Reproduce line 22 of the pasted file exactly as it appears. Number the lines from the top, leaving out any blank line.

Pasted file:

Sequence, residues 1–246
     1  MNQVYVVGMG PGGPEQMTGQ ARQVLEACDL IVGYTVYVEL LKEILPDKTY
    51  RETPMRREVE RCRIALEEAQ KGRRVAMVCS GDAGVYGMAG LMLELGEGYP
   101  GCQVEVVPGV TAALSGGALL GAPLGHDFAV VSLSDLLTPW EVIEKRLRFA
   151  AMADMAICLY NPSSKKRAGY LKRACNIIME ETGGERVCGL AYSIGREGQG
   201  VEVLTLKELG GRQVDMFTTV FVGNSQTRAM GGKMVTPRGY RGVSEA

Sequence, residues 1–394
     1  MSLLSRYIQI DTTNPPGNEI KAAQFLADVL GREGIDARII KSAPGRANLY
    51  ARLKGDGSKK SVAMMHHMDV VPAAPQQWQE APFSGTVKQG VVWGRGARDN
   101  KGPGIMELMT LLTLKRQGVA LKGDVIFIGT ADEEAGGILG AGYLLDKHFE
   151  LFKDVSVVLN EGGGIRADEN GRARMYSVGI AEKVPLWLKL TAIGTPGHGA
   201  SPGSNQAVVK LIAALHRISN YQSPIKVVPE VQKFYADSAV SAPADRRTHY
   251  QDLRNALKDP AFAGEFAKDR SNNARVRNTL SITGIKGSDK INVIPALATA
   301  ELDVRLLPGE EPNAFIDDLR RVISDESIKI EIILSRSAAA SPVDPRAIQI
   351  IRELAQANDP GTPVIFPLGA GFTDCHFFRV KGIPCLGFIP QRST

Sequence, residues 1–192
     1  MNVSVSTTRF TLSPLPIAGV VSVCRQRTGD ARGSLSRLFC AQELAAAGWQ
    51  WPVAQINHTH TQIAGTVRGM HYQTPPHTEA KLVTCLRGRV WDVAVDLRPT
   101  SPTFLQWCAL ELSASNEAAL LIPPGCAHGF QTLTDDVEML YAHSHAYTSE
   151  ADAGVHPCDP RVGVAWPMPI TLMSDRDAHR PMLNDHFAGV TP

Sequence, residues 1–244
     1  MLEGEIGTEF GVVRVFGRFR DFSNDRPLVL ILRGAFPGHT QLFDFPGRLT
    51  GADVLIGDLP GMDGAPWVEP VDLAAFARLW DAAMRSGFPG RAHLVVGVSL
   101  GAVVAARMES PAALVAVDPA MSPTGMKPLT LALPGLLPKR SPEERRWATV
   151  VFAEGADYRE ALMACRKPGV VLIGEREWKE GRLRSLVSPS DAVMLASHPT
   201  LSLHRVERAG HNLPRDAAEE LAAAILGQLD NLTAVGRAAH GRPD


     1  MLEGEIGTEF GVVRVFGRFR DFSNDRPLVL ILRGAFPGHT QLFDFPGRLT